why I look forward to the end of the day

Ben had been a co-sleeper from 90 minutes after his birth until 18 months. Those early hours were blissful –  7 in fact, lying on Mama, who was riding a tidal wave of oxytocin. Throughout the 60 hours of my hospital stay (yes, 60 hours from admission to discharge with a c-section in between), he always slept on me or curled in my arms.

Post-hospital, we continued to co-sleep, but it was far less blissful. He grew and thrived; I disintegrated, as only someone who gets 3 hrs total sleep a night could do over a period of 18 months. A overseas work trip broke the night nursing and co-sleeping habits for good, except for one piece.

Every night, cuddles are the way Ben finds his way to nite-nites. We now read books, we sing, sometimes we even play catch with a soft Red Sox “baseball”. But when the lights go out, we curl up in the toddler bed and invite the night under the covers.

Sometimes, we pull the duvet over our heads – it’s the water, and everyone knows hippos sleep underwater. Sometimes there is a panic over whether each of us have a toy (puppies, mama cows, or the tiger and cheetah cubs), but always, we are curled up tight and warm. I tell him how much I love him, kiss his hair on the crown of his head, and listen for the telltale changes in his breathing.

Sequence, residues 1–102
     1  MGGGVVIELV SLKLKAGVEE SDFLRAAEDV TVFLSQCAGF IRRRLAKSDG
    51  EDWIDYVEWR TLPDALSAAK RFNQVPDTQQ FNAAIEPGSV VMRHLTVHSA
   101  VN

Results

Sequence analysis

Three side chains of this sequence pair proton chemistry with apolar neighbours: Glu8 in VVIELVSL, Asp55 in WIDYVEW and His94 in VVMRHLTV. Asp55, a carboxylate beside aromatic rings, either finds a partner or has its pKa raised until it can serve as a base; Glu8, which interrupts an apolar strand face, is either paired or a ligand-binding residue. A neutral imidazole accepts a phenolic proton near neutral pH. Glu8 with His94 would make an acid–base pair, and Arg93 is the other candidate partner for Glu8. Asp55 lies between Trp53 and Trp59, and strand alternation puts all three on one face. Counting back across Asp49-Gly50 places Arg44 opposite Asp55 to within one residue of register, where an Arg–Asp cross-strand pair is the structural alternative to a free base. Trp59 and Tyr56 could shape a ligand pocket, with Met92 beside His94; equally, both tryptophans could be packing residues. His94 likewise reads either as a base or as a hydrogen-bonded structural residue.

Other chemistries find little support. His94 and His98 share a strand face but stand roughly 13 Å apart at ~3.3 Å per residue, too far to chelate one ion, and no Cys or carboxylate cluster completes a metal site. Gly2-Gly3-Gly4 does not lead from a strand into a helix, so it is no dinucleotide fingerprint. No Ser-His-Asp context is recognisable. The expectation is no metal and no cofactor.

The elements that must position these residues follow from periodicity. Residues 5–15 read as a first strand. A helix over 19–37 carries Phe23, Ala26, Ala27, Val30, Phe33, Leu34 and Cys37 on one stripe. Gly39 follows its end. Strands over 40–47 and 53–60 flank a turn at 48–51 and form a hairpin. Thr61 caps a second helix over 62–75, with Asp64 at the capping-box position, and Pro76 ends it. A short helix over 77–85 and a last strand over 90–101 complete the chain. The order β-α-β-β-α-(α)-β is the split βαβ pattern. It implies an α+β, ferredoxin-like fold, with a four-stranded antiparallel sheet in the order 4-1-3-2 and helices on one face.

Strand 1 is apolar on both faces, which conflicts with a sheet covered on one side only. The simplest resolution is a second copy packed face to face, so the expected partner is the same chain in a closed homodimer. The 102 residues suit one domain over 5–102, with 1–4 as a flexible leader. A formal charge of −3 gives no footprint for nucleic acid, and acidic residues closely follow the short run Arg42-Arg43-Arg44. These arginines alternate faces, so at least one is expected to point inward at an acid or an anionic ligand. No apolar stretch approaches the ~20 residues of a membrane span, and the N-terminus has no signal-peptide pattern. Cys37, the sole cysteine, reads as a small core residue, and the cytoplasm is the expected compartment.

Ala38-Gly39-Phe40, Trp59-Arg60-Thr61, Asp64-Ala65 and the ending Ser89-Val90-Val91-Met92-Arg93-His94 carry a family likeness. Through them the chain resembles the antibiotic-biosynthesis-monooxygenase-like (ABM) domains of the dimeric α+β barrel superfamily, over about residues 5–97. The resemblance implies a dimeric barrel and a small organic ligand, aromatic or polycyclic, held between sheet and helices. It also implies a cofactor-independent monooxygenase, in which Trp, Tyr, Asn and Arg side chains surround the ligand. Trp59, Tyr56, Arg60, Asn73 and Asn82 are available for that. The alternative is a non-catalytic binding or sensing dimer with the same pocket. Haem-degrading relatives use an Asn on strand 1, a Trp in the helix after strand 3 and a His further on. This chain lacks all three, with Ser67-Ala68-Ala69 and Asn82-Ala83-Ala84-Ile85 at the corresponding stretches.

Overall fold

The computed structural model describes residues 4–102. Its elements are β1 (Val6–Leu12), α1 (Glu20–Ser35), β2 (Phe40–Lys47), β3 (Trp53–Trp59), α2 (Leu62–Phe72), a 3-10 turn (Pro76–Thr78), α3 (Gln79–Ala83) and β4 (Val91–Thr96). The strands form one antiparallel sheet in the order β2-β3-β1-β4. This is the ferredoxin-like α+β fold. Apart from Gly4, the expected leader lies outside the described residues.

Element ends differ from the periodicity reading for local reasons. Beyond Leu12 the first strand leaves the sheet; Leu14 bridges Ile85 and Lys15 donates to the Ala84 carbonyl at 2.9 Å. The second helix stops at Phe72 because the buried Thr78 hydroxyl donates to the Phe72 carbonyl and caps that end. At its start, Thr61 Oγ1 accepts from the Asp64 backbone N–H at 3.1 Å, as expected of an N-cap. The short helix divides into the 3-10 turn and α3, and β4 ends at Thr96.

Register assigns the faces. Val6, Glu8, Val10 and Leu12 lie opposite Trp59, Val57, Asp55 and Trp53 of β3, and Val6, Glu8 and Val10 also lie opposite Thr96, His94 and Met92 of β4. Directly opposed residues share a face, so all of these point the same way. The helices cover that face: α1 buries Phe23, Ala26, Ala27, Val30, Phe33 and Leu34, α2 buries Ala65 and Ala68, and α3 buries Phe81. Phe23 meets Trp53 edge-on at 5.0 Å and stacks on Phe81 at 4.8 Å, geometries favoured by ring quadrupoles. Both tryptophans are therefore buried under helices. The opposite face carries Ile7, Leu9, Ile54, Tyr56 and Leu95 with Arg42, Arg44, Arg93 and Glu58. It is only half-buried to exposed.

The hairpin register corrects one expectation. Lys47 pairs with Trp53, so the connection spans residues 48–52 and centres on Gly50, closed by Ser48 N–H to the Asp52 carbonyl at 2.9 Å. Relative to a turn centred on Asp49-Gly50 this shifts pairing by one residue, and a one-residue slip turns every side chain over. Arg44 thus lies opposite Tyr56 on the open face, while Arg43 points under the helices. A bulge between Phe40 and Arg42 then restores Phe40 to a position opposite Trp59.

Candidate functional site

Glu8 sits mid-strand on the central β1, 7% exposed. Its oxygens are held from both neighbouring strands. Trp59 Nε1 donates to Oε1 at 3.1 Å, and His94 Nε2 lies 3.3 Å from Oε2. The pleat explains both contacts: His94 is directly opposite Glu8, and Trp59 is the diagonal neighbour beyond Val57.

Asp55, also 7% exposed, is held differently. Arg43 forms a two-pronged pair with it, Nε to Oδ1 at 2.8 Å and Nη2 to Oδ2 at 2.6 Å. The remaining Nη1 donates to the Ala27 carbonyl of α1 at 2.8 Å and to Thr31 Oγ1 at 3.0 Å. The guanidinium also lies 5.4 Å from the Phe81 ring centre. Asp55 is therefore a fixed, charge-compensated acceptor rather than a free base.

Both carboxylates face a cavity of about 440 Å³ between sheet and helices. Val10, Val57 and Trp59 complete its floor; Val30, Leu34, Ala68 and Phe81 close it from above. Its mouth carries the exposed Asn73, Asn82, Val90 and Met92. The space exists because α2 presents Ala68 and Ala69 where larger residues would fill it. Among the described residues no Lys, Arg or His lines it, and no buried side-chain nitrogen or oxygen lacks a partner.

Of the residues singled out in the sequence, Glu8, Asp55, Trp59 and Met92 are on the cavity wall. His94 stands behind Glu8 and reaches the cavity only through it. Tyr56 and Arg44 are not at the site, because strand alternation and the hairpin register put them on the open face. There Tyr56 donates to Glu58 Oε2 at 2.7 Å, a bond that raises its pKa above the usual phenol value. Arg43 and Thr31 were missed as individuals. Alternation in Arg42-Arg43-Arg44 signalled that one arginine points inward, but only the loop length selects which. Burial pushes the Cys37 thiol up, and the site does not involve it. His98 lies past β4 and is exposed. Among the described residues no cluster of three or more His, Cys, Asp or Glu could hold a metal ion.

No matter what has gone on in my day, what triumph, defeat or slog occupied my waking hours, the smell of my little boy’s hair and his little body in rest reset me, put the clocks at zero hour, and make clear the best part of my day is here, in the luminous evening. The day has passed, but the very best thing is still here.



Filed under co-sleeping, mother, Motherhood, sleep, son, toddler, Toddlerhood

3 responses to “why I look forward to the end of the day

  1. yearofbeauty

    I have to admit… you are one lucky soul. My nights were never like that. I had two who simply didn’t need to sleep and didn’t think that I should want to either.

    But you’ve got it made… what a great way to end your day.

  2. Beautiful words.
    You write very well.

  3. What a lovely description of the good-night ritual.

    But in terms of co-sleeping (something we do also) I particularly liked this sentence –
    “He grew and thrived; I disintegrated, as only someone who gets 3 hrs total sleep a night could do over a period of 18 months.”

    I love co-sleeping generally speaking but man when its going badly its agonising. Night weaning was one of my very favourite steps in her growing up.

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